Inform your 2022 Six Nations predictions with insight, analysis, and odds from Pinnacle.
The Six Nations has been an extremely competitive competition in recent years but the 2022 instalment of the saga could be the most open title race since its formation in 2000.
With five of the six teams harbouring genuine hopes of lifting the trophy on March 19, here’s how the sides are shaping up going into the highly anticipated tournament.
Uncertainty surrounds new-look England
With a number of the old guard seemingly out of the picture, England head coach Eddie Jones looks to be going in a new direction for the Six Nations this year.
The likes of Billy and Mako Vunipola, who were key players on England’s route to the 2019 World Cup final, have not made the squad, while the likes of Elliot Daly and Manu Tuilagi are other notable absentees.
Jones looks set to start Harlequins star Marcus Smith at fly-half, which if the 22-year-old is allowed to play his own creative game, should see England play more expansive rugby this year.
Skipper Owen Farrell has been ruled out of the opening game against Scotland at Murrayfield on February 5, in a match that will have a big impact on both teams’ likely fortunes for the remainder of the tournament.
France must handle ‘favourites’ tag
After finishing second to Wales in the Six Nations last season, many expect France to go one better in 2022. The French have a wealth of talent across the field, and have arguably the best player in the world right now in the form of scrum-half Antoine Dupont.
A landmark 40-25 dismantling of New Zealand in the Autumn Internationals just shows what this French side are capable of, as they build nicely towards the World Cup on home soil next year.
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Ireland showing real promise
The form of the Irish provinces this season is a good indication that Ireland will be there or thereabouts for the title come the final round of the Six Nations on March 19.
Of the top five teams in the United Rugby Championship standings, three of those are Irish teams. Meanwhile, all four provinces - Leinster, Munster, Connacht and Ulster - have reached the knockouts stages of the European Champions Cup this season.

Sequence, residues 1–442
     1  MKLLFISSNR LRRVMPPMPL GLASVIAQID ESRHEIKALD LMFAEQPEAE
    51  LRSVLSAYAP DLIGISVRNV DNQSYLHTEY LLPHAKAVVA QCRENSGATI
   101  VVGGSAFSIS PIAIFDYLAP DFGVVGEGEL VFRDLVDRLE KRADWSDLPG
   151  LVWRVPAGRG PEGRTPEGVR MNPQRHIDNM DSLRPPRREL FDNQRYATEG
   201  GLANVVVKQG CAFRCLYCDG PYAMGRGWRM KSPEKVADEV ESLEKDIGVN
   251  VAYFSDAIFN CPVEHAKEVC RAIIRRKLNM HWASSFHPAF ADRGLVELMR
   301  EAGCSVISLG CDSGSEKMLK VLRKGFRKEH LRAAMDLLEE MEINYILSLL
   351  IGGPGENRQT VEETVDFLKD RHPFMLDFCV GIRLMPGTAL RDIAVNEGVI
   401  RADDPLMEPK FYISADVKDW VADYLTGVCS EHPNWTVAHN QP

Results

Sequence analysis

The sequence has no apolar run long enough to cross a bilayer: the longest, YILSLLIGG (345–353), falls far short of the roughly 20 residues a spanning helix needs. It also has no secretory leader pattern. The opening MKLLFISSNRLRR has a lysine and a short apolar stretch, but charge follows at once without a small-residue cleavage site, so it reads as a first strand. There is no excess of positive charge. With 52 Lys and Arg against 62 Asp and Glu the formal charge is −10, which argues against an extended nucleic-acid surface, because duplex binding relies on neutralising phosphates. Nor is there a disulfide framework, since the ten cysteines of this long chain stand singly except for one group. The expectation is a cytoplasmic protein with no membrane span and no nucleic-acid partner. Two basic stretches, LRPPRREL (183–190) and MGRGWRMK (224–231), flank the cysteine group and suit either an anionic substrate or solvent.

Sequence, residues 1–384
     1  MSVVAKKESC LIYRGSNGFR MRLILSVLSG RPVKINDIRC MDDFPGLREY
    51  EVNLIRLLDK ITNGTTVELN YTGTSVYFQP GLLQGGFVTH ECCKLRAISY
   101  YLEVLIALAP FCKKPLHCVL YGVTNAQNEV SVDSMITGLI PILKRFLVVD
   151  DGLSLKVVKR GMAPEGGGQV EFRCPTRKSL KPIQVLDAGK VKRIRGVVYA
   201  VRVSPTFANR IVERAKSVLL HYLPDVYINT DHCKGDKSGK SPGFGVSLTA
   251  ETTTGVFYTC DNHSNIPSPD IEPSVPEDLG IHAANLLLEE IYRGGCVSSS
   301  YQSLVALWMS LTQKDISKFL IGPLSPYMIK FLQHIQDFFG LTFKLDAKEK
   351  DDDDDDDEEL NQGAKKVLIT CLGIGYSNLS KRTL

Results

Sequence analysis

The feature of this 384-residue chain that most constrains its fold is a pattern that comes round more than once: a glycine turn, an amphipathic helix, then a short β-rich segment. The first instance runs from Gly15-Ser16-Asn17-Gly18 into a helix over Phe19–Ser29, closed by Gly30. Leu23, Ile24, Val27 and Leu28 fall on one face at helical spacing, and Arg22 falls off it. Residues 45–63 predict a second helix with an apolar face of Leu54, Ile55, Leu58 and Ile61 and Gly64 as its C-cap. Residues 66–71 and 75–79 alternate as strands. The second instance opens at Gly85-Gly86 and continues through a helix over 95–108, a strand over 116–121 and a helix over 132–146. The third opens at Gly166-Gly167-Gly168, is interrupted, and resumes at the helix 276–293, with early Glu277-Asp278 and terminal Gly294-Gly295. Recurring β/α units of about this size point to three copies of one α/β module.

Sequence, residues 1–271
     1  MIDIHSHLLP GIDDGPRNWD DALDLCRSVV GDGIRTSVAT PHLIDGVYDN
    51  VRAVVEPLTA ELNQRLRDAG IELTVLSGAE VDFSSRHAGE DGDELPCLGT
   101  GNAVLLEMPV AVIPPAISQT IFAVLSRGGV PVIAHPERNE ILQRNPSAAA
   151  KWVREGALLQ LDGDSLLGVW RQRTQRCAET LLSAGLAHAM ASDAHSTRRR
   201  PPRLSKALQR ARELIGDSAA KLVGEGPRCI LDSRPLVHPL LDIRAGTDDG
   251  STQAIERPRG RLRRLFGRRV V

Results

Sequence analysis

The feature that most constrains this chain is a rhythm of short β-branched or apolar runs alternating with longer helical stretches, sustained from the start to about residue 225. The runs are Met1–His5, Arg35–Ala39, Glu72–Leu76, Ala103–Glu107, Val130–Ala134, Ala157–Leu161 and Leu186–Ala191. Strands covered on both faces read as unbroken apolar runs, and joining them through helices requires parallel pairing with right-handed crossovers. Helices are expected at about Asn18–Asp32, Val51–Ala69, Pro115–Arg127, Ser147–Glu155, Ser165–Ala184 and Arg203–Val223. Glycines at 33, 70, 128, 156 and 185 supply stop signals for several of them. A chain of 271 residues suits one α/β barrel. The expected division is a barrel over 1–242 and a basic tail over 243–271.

With a powerful pack and a structured game, there might not be too many thrills from this Ireland side but they know how to win high-pressure Test matches.
Italians going backwards
Unfortunately for Italy, it looks set to be another long slog of a tournament - after what was a tournament to forget in 2021. The Italians failed to register a single table point in their clean sweep of defeats, conceding a huge 239 points during those five painful matches.
It’s hard to see any positive signs leading into the tournament that anything will change, and once again, questions are likely to be raised over Italy’s place in the Six Nations.
Scots searching for consistency
Scotland have been labelled the dark horses on countless occasions and they showed last season they can beat any team in the competition. The Scots ended long waits for wins in London and Paris but just fell narrowly short in their home defeats to Ireland and Wales.
Head coach Gregor Townsend will be looking to build off their 2021 Six Nations performance and will know that consistency and accuracy in performance is what will end that wait for a maiden Six Nations crown.
Wales out to prove doubters wrong
Wales may be the reigning Six Nations champions but not many are giving the men in red much hope of retaining the title. Wales benefitted from three red cards handed out to oppositions in three of their five games last season and without those perhaps the title would have gone elsewhere.
Injuries did not help the Welsh cause during the Autumn Internationals and it’s not certain what the Wales team will look like this season.
Wales have a tough opener to the tournament, playing away in Dublin and it would be a real uphill battle for Wayne Pivac’s side were they to lose that encounter against the Irish.
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